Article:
A proposal from Brett McCracken for a Wisdom Pyramid in the vein of the USDA’s food pyramid to help us navigate the often overwhelming waters of the information age has inspired me to tackle some of my questions, criticisms, and hopefully helpful suggestions for such a project.
In the previous post, I suggested that both the food pyramid and a wisdom pyramid are disembodied and disconnected from what they purport to help us with. This brings me to what bothers me most about McCracken’s Wisdom Pyramid. Nature is sandwiched in the middle of the pyramid as if it somehow comes after the Bible and the church but before books and the internet. It almost seems as if nature was an afterthought. In another post, I will try to unpack what I find problematic about the pyramid as a symbol, model, or metaphor. In this post, I want to focus on why the location of nature in the pyramid is problematic.
There’s a lot to agree with in McCracken’s description of what he calls the “knowledge group” of Nature and Beauty:
Being in nature also helps us to be humble; it reminds us that there we are one created being as part of a massive created world. It leads us to understand the rhythms of nature and the rhythms of our own bodies, the concepts of Sabbath and rest. It helps us cultivate gratitude for all that God has given to us.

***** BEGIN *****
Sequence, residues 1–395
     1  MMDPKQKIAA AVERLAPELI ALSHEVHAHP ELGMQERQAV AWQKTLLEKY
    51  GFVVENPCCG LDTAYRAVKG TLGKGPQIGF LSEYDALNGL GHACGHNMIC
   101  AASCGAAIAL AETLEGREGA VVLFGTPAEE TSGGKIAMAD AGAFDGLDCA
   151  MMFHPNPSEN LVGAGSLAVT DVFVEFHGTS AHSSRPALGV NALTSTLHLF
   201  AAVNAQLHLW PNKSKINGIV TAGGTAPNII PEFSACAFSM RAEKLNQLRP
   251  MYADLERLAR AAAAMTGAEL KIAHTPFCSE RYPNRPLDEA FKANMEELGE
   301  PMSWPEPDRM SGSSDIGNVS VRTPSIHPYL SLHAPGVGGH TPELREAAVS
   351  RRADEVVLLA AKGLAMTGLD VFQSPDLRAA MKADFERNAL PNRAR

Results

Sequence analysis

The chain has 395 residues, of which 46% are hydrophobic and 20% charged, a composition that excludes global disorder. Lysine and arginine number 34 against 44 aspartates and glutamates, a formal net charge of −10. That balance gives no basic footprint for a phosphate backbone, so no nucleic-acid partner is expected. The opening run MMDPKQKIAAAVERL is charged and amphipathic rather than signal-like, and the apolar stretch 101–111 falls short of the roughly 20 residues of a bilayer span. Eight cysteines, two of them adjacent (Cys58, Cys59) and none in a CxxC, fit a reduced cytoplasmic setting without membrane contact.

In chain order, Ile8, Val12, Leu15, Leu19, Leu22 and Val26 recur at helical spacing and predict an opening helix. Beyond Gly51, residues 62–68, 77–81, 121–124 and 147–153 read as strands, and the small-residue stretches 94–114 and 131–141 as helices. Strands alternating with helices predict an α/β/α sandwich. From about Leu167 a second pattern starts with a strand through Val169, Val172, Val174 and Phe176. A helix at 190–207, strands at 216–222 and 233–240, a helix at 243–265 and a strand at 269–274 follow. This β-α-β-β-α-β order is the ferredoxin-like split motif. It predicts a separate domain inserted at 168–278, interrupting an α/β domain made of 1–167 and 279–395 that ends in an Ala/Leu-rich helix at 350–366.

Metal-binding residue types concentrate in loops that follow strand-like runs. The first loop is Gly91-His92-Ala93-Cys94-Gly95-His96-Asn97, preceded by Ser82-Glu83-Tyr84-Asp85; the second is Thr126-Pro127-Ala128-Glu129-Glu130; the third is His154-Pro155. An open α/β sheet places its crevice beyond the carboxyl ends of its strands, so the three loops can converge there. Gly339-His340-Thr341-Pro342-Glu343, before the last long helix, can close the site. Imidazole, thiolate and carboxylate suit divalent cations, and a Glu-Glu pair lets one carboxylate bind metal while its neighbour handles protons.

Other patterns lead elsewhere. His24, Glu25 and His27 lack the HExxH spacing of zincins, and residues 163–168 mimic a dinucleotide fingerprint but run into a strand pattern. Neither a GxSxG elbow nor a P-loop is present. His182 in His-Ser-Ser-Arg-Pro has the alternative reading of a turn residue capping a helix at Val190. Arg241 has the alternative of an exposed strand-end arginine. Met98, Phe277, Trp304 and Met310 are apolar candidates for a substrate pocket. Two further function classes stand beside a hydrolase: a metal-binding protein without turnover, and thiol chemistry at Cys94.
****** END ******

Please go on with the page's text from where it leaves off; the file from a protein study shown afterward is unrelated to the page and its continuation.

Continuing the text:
He also points out that general revelation is a part of the Christian Tradition and can be seen in Scripture which describes God speaking to us through the natural world. This is important because the kernel of what I want to say is already included in his Wisdom Pyramid.
One stream of the Christian Tradition, much of Protestantism, places a primacy on Scripture above all else. This makes sense in its historical context as a reaction to the masses not being able to even read Scripture for themselves. There was a massive shift caused by the increasing availability of Scripture in the vernacular due to the new technology of the printing press. So it makes sense why this movement would place the Bible as the first place we go to try and understand the world and God, and find wisdom. However, like many, if not most, reactionary movements something gets thrown out, distorted, or lost along the way.
Where and What Exactly IS Nature?
Just as the USDA’s food pyramid belies our disconnection from nature, the Wisdom Pyramid also demonstrates our spiritual disconnection from nature and misunderstanding of our place in creation. I have written before about what I call “The Myth of Human Difference.”
From the creation stories in Genesis to the myths told over and over again in modern popular culture, we as a species, homo sapiens, think of ourselves as having somehow graduated from nature because of our large brains and good posture.
This is likely a relatively recent phenomenon, not present in the culture or context of the biblical writers who depended very closely on the land in which they lived. McCracken’s pyramid buys into this myth by throwing nature in the middle as if we can somehow choose or not choose nature. Placing it in the middle makes nature optional as if we are separate from it in our pursuit of wisdom.